Tuesday, 27 January 2009

Integrating Windows XP and Ubuntu Linux

There are not many things that you can not do on Linux that you could on Windows, but there are a few, in particular there are some software packages that I can not manage to get running under Linux using Wine. These are:
  1. Microsoft Office (I know OpenOffice is a good alternative, but it is different to Excel and Word that I use all the time at Work, and switching is difficult. This is especially a problem for the rest of the family that are not as used to switching between operating systems as I am).
  2. Family Tree Maker (My Mam is used to this program, and the Open Source equivalent (can't remember its name) just wasn't as good as far as she is concerned.
  3. Microsoft Home Publishing (My daughter uses this to make cards etc. Although you can use Inkscape or Scribus to do the same under linux, it is not as simple - maybe someone else knows an Open Source equivalent?).
When I heard about VirtualBox I thought it was too good to be true - you are supposed to be able to run Ubuntu Linux as your main system (Host), but run Windows XP as a 'Guest' in an emulator - as far as Windows is concerned it is running on its own stand-alone machine, but VirtualBox is emulating a real computer in software. This sounds like an awful job to do, and I expected everything to grind very slowly, but as my computers now have lots of memory (2GB and 4GB for my Laptop and the Kids desktop respectively), I thought it might be possible.

Installing virtualbox in Ubuntu is easy:
sudo apt-get install virtualbox-ose
Note that Ubuntu has another package "vboxgtk" which is an alternative front end to virtualbox. I struggled this - the windows installer crashed when you used the keyboard, so I just stuck to the normal virtualbox program.

You then start it by running virtualbox as a normal user. You then create a new virtual hard disk on which to install windows, which is actually a normal file in your home directory.

You create a new 'virtual machine' by associating the virtual hard disk with it, and giving it access to your host system cdrom. I put the Windows CD in the host computer CD drive, and selected 'run' to start the new virtual machine. It booted off the CD and windows installed in the new virtual hard disk.

Then the problems started. The main one was that when I tried to boot windows off the new virtual hard disk it hung when it loaded a module called agp440.sys. This was odd because it was the recovery disk for the version of WIndows XP that runs nicely on the real computer. It turned out that the problem was that the recovery disk assumes the hardware configuration for the computer - in particular the graphics card (AGP), and the VirtualBox virtual computer has a different graphics card, which caused the crash. I could not work out how to get around this, but I found another Windows XP CD, and this did a normal windows installation, where it picked the drivers for the particular hardware concerned. This then booted nicely and you get a window, which contains the WinXP desktop.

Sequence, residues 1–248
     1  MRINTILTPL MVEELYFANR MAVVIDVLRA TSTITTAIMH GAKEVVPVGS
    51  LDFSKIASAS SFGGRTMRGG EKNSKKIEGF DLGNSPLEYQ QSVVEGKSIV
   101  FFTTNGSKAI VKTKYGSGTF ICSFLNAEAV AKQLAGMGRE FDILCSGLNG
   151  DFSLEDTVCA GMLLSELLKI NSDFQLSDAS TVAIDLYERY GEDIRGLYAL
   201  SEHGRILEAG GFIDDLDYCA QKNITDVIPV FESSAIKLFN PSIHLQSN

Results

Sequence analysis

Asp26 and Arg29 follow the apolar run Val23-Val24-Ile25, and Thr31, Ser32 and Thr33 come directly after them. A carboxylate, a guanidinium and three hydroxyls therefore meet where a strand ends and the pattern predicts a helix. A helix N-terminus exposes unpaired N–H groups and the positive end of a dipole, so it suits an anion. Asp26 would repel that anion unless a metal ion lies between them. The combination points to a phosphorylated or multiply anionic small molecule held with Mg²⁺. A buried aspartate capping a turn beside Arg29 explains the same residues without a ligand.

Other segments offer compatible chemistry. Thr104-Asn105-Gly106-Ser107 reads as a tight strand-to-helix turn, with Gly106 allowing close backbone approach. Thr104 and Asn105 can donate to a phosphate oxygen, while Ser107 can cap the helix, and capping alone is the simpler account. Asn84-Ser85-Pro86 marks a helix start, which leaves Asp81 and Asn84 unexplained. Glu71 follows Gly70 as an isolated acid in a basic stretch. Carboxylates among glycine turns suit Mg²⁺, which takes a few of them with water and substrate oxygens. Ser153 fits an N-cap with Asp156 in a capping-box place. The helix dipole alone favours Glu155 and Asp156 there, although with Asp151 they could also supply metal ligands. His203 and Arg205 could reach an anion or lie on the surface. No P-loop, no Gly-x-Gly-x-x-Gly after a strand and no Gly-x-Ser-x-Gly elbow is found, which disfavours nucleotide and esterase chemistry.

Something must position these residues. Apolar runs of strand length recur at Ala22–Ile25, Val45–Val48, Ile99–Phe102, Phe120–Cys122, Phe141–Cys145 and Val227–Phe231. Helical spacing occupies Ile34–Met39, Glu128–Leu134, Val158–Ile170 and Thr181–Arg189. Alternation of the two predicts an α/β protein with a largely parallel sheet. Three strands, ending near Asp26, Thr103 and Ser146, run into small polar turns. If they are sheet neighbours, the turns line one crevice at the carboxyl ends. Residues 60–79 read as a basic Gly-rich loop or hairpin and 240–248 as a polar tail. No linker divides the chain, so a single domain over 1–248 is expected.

Using windows was a bit of a pain in this configuration - the desktop was very small, so it was difficult to fit application windows on it. Also windows kept grabbing the mouse and keyboard, and you have to press a secret key (the right Ctrl key) to release it back to the host operating system.

When I read a bit more about VirtualBox I found that it should work 'seamlessly' so you do not have a separate windows desktop - the Windows XP windows sit on the same desktop as the Ubunto Gnome ones. To do this you have to use the web browser in Ubuntu (the host operating system) to download the guest additions package as an iso disk image, and put it in /usr/share/virtualbox with the filename "VBoxGuestAdditions.iso". You can then install the guest additions package using the menu at the top of the windows desktop window.
Once you have installed the Guest Additions package you can set the system into seamless mode using a menu, or pressing -L. This gives you a windows start menu bar at the bottom of the screen, in addition to the usual Ubuntu ones.

There are menu options to give the guest operating system internet access - selecting the 'NAT' option seems to work, and to give it audio access (I selected the 'ALSA' option, which seems OK.

You can share files between the guest operating system and the host one by selecting a 'shared folder' on the host system - this appears as a network share in Windows.

Things appear to work now - MS Office installs and runs. Haven't tried other things yet, and need to work out how printing works, but it looks very promising.
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